Microsoft Windows Server 2003 was developed as the successor to the Microsoft Windows 2000 Server series, with special emphasis on use by IT professionals in corporate networks. It offers both exceptional stability and excellent performance. A computer system running Windows Server 2003 supports simultaneous execution of an almost unlimited number of processes for users interactively logged on to the system. It is, of course, possible to use several processors simultaneously to increase scalability. Specially adapted system components allow multiple users to log on to the system interactively (multi-user operation). Redirecting input and output operations to remote computers in application server mode is possible in the core Windows Server 2003 system using Terminal Services. However, this option first needs to be activated.
The multiple-user function of Windows Server 2003 Terminal Services should not be confused with the function that allows multiple users to be connected to the server through the network in a more general sense. Multi-user service without interactive logon to the server’s user interface is frequently used for file, print, or directory services. In contrast, Terminal Services allows multiple interactive user sessions in parallel, with each of the sessions providing a desktop.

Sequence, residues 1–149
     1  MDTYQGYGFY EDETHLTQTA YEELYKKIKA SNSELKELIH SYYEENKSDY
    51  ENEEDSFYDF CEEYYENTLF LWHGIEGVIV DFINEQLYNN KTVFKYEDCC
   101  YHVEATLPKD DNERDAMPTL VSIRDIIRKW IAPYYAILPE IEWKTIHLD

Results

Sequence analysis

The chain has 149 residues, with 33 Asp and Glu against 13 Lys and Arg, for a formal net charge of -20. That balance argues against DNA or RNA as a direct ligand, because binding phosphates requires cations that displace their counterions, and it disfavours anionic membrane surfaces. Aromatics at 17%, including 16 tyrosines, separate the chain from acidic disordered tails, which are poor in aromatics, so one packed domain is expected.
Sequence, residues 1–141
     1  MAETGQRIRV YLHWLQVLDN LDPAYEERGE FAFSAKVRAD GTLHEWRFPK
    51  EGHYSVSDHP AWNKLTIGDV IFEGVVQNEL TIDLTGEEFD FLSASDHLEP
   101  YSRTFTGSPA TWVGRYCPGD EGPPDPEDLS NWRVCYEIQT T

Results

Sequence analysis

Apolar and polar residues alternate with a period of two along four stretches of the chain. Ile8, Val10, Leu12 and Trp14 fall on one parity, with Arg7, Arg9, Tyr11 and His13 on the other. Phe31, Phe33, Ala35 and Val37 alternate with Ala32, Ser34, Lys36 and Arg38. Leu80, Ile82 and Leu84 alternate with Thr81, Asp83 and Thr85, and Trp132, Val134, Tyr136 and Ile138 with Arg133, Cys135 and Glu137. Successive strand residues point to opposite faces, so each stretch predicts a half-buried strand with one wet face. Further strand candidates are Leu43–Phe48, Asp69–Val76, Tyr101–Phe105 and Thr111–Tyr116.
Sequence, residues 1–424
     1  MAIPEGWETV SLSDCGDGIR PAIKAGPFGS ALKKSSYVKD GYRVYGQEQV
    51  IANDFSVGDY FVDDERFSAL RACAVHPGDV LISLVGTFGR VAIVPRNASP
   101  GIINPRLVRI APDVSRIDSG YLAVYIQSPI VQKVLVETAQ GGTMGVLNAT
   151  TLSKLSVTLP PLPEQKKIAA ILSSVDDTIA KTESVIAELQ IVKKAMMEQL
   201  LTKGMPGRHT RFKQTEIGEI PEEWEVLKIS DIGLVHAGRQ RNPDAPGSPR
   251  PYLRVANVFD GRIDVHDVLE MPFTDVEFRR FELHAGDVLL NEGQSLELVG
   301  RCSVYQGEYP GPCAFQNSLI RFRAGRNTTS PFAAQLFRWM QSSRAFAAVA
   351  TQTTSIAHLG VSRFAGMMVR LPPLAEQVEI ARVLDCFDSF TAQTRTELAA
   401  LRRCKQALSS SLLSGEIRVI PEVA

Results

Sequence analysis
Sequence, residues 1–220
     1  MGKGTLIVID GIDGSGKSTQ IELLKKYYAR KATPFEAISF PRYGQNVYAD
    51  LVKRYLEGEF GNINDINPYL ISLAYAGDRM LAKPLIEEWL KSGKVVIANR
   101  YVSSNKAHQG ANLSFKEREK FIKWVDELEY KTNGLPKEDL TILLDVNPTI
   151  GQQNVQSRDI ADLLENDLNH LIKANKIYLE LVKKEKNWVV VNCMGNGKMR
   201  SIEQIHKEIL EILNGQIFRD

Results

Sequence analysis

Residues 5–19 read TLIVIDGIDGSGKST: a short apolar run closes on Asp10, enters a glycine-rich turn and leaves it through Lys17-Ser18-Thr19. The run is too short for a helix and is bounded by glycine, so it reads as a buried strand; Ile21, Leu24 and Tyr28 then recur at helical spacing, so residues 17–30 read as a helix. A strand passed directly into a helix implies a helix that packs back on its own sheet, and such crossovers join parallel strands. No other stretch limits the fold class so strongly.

Terminal Services enables the connection of thin clients, also called terminals. Each client is assigned a session. Using this session, a logged-on user performs all operations on the server except keyboard, mouse, and monitor operations, which take place on the client itself. This design opens up interesting and powerful possibilities for Windows Server 2003 because it can be used in large corporate environments with extensive computer networks that are widely dispersed geographically. Windows Server 2003 with Terminal Services in application server mode allows simple centralization of administrative tasks and the use of low-maintenance clients. The technical term for this arrangement is server-based computing.
This book describes the installation, configuration, and administration of Terminal Services on Windows Server 2003. It not only presents the pure facts, but also describes how using Terminal Services affects administration and the outward characteristics of the system. Additionally, system extensions and third-party products are important to successfully deploy Windows Server 2003 Terminal Services. In particular, the MetaFrame product line by Citrix has an essential role.